After FTM bottom surgery, patients will need to remain in bed for about five days. This is to monitor the blood supply and ensure the reconstructed penis does not hang down and put the vessels on undue stretch. A sling must be worn to support the phallus until it is fully healed.
Two catheters will be in place, one emerging from the new urethra and another from just above the pubic bone. These will be used for six weeks after surgery to drain your bladder. Patients must take extra care not to pull on these catheters.
Is Recovery From Phalloplasty Painful?
Phalloplasty involves fairly extensive surgery, and most patients experience some level of pain and discomfort while healing. Dr. Boyd will prescribe medication to help manage the pain during your recovery.
Is Genitourinary Reconstruction Permanent?
Yes, your phalloplasty results should be permanent and last your entire lifetime. If you have any concerns about the procedure’s results, you can discuss these details with Dr. Boyd.
Will My Penis Function After Surgery?
Yes, your reconstructed penis is designed to be functional after your procedure for both urinary and sexual activities.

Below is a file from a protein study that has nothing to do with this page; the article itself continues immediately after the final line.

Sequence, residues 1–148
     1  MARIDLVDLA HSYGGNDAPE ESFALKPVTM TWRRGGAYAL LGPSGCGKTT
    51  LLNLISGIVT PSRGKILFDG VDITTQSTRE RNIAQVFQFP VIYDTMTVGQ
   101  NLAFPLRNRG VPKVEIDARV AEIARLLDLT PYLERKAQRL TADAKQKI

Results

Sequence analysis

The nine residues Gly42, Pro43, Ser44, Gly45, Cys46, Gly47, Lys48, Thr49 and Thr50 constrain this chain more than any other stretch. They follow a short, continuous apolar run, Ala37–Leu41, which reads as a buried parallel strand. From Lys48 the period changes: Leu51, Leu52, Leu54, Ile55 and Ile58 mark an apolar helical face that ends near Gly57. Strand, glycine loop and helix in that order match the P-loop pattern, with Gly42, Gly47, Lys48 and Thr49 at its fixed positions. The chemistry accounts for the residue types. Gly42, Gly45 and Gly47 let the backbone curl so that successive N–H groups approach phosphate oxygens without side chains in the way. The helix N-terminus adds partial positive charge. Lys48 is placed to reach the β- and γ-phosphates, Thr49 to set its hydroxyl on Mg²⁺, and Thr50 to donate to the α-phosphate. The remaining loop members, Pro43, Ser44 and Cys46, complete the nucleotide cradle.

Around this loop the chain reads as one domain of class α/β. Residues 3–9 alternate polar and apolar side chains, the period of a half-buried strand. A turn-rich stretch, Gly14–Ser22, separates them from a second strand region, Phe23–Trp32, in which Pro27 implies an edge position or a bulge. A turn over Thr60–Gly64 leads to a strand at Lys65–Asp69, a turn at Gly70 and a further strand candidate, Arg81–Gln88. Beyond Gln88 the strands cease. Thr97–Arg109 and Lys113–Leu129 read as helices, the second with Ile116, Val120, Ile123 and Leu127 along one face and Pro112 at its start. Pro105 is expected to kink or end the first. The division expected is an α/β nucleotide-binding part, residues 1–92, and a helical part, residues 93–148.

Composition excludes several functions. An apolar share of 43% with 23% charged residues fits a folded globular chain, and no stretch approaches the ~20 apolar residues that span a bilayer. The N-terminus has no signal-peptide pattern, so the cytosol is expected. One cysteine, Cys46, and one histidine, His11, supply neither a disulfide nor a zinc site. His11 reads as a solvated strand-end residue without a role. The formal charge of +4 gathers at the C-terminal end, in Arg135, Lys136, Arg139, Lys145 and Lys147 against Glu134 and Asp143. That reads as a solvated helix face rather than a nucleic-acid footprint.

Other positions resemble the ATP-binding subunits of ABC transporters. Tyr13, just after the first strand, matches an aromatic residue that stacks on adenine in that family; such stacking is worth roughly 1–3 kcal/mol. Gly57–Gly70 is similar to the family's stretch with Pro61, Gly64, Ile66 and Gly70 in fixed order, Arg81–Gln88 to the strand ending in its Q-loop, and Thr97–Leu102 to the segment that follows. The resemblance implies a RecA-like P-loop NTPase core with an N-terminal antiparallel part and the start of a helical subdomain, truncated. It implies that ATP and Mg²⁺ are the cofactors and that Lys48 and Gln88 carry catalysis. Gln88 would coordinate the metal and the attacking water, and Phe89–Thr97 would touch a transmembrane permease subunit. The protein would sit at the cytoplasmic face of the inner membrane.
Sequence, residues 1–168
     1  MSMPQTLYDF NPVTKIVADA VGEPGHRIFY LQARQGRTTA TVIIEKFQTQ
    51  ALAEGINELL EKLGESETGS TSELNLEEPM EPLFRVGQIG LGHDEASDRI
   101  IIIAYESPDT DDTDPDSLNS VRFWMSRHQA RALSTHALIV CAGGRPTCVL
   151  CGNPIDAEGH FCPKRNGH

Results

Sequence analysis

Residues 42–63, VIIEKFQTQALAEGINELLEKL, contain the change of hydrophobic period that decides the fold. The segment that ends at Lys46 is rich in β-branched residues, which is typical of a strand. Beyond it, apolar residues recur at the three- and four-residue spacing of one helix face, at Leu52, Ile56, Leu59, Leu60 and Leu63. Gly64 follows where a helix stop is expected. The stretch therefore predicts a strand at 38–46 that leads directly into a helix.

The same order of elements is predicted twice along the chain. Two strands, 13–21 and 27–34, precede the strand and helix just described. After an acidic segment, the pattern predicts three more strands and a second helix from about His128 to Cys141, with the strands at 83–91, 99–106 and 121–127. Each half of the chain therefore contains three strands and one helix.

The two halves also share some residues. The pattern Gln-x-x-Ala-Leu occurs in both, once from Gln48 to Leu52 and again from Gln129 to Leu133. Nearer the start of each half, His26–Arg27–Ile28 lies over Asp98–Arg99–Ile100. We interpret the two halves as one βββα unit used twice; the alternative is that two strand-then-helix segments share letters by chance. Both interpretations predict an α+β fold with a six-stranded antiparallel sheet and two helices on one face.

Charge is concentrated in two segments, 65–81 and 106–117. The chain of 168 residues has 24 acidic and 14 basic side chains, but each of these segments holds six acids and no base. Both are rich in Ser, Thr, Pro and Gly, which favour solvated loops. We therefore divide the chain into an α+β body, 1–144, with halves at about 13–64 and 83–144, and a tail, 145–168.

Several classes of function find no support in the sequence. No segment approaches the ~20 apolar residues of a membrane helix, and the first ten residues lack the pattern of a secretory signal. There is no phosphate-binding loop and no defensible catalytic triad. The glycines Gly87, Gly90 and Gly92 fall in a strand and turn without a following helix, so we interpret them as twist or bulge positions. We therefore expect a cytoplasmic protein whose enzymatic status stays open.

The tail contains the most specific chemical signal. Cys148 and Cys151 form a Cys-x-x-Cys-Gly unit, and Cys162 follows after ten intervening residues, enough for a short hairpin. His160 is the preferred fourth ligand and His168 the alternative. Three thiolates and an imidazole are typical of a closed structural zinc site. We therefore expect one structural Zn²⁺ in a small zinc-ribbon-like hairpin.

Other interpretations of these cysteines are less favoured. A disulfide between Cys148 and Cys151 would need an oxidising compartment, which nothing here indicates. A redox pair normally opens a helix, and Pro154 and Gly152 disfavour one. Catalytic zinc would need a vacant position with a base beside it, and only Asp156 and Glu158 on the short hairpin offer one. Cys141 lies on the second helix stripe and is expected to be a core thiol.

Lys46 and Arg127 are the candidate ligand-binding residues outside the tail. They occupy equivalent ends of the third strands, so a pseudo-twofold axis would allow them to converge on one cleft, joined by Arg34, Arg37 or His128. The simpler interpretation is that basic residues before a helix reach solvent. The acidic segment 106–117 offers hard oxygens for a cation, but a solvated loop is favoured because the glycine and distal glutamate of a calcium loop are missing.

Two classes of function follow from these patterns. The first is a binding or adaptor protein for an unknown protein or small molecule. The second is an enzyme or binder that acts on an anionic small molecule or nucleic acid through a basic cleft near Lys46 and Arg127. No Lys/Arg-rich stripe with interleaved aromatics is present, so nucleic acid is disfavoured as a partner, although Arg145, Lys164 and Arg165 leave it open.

Can I Have Penetrative Intercourse After Phalloplasty?
Most patients need a penile implant to allow the penis to become erect enough for penetrative intercourse. The procedure to insert the implant is done approximately one year after phalloplasty.
Patients will need to wait a few weeks after receiving the penile implant to engage in penetrative sex.
Frequently Asked Questions About Phalloplasty
Some of the common traits of an ideal phalloplasty candidate include being:
In overall good health
A non-smoker or willing to stop smoking before and after the procedure
Realistic in his expectations for the surgery
Trans patients will need letters of recommendation from specialists in gender health.
Patients interested in penis reconstruction can consult with Dr. Boyd to determine whether they are a viable candidate for the procedure.
While the majority of patients who undergo phalloplasty are transgender or non-binary, cisgender men may need genitourinary reconstruction to correct post-traumatic penile defects or penis amputations. The forearm tissue flap can also be modified to deal with partial defects of the penis and penile urethra.
Cisgender males may undergo phalloplasty after:
An accident or injury affected their penis/genitals
Cancer of the penis that required amputation or partial amputation
Diseases or infections such as synergistic gangrene (Fournier’s gangrene)
Other conditions that impacted the male genitals
The cost of phalloplasty depends on the surgical techniques used and the extent of reconstruction needed. Patients undergo phalloplasty for various reasons and have individual needs that may affect the cost of their penis reconstruction. To find out your specific phalloplasty cost, please schedule a consultation with Dr. Boyd.